We live in a world full of useful (and un-useful) information. Today we’re exploring Weed Edibles Facts & Tips.
All in one place, all in one article – bookmark this blog so you can always reference it!
So first things first – what is a weed edible?
For those who don’t know and for those who would love a little refresher let us break it down for you:
A weed edible is any food or drink that is infused with or made with cannabis.
Examples of this are:
If you have a medical prescription or you’re using it recreationally, CBD isolate or broad-spectrum (where the THC has been removed) can be infused into any food you want to eat, and you will not get high.
If you decide to use THC (the psychoactive ingredient that gets you high) then yes, you will absolutely get high.
This is dependant on the individual.
If you’re using CBD in your edibles, you won’t get high as long as it is CBD isolate or CBD broad spectrum.
If you decide to use THC-dominant strains of weed, then depending on how you react with it, you may start feeling the effects between 1-2 hours after consumption.
Everyone is different though – and for some, it may ‘kick in’ sooner.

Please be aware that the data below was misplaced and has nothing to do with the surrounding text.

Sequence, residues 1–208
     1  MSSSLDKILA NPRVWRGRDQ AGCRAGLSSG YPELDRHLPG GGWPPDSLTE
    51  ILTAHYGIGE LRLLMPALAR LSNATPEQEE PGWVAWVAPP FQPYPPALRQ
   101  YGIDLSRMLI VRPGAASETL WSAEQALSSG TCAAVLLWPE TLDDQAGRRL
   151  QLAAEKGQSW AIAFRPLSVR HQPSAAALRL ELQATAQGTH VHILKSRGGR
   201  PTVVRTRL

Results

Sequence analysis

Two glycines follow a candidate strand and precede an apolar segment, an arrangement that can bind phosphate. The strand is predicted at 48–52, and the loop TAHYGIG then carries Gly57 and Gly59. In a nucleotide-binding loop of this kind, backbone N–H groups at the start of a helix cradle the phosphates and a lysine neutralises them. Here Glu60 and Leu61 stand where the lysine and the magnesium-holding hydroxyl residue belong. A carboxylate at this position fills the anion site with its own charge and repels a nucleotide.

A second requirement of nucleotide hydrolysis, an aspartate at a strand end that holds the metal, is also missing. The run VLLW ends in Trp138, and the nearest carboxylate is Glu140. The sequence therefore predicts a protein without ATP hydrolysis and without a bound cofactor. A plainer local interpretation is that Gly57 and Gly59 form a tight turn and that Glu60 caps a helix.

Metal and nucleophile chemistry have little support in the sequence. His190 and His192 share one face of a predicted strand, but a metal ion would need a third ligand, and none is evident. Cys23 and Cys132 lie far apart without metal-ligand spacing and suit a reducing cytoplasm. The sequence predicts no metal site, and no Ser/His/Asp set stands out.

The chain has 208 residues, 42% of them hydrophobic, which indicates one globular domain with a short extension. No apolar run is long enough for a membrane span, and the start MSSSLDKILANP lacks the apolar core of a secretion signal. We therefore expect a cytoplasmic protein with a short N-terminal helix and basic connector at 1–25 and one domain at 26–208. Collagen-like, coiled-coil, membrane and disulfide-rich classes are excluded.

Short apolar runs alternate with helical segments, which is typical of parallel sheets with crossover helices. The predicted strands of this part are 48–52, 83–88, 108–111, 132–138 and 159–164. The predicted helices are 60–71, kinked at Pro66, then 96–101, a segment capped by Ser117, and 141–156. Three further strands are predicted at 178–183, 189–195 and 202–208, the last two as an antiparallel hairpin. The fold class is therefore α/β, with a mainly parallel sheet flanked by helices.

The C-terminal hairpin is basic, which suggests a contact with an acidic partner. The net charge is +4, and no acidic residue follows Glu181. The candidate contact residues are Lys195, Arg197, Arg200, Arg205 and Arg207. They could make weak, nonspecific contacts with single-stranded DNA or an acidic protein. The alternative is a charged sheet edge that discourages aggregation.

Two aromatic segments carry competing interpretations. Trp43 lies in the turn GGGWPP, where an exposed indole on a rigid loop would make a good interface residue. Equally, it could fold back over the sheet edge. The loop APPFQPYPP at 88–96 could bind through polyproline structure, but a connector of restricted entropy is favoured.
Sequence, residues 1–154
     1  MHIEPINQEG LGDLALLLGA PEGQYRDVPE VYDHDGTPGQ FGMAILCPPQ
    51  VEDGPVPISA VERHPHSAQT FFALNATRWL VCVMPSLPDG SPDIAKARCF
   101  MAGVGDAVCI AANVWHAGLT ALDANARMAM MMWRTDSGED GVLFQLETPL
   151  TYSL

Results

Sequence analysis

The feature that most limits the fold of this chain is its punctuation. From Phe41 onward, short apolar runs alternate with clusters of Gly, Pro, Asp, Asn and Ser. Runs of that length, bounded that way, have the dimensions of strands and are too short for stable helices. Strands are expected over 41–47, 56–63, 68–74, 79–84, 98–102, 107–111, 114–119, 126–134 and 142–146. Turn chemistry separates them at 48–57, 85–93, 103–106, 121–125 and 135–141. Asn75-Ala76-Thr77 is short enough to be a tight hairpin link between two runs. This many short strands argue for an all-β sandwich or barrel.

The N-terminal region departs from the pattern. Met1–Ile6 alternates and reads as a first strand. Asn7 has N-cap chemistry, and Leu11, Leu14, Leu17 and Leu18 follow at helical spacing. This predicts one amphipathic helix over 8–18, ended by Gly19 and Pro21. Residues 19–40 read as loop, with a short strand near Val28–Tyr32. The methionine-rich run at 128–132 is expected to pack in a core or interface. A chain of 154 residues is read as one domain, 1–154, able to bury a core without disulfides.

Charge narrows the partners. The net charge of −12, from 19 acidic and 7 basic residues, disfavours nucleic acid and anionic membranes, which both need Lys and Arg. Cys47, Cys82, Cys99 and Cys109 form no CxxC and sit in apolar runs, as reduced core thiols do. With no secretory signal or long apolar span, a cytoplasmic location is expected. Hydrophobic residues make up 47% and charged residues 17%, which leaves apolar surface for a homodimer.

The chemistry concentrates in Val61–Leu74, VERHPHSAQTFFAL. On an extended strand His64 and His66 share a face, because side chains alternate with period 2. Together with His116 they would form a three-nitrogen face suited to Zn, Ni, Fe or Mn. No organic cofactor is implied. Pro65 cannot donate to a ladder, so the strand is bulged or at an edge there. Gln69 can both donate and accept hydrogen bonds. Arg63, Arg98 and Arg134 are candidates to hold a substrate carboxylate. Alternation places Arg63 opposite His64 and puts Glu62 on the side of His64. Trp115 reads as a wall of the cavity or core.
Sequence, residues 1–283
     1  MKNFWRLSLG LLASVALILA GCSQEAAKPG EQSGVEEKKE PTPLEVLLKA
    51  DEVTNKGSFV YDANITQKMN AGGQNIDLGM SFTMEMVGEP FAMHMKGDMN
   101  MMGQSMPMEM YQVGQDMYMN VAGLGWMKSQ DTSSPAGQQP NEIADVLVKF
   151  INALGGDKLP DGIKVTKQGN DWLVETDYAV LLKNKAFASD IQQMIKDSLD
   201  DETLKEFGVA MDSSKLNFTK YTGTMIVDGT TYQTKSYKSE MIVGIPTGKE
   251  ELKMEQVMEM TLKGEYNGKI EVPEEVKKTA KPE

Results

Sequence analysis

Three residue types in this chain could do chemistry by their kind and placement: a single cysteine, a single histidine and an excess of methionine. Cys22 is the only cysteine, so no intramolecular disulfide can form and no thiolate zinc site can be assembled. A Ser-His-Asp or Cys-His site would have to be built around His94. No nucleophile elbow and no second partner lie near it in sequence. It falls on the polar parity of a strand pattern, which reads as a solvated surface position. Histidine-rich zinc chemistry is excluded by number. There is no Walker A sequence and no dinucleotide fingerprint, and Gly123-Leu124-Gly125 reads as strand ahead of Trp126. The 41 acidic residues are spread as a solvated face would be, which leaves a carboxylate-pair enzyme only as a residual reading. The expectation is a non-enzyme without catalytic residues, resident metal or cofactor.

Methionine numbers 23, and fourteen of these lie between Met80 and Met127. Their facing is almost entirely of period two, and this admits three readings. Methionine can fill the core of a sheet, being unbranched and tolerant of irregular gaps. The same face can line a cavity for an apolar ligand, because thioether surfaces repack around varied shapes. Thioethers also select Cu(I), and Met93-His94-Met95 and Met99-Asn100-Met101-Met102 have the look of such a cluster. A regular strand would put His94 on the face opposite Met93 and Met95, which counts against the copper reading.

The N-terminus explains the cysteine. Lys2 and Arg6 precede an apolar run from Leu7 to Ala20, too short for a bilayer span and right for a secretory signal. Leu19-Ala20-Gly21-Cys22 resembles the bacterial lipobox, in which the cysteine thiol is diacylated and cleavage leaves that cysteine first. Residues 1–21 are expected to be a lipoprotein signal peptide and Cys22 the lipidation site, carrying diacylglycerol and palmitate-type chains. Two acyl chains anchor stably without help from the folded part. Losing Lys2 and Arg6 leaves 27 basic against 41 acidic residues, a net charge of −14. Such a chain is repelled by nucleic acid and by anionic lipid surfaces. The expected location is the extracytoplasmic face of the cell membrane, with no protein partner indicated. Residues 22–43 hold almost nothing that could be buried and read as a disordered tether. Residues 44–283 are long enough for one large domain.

If you’ve made or consumed weed edibles with a THC strain – and especially if you’re just starting out – dose LOW and SLOW.
That’s what I affectionately call: “The Marijuana Mantra”
“Dose Low and Slow”
Here’s a situation you may find yourself in:
Let’s say you’ve just ingested weed edibles at 4:20 pm. At around 5:30-5:45 pm you don’t feel a thing.
You may think to yourself: ” Maybe I didn’t make the edibles strong enough?!” and you take another bite, slice or more.
Here’s the thing: in most cases, your weed edible was just about to kick in. Now you’ve double-loaded, and this may cause too much of a high – which could leave you feeling absolutely horrible.
The moral of the story is to stick to the Marijuana Mantra and dose low and slow. Wait at least 3-4 hours before eating any more weed edibles to be safe.
Many beginners make the mistake of not decarboxylating their weed.
Others do it incorrectly. It’s the most crucial step in the cooking process as a miss-step will result in a less potent, benign edible.
Skip it or forget it and you’ll have a weak product that lacks the active cannabinoids.
Decarboxylation is essentially the conversion of THCa into THC or CBDa into CBD.
Without decarbing your weed, THCa and CBDa will not fit into the endocannabinoid receptor sites in your body.
If you’re looking to up-level your canna-cooking or baking game, or you want more of a canna-challenge, you may want to start here.
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As always, happy canna-cooking!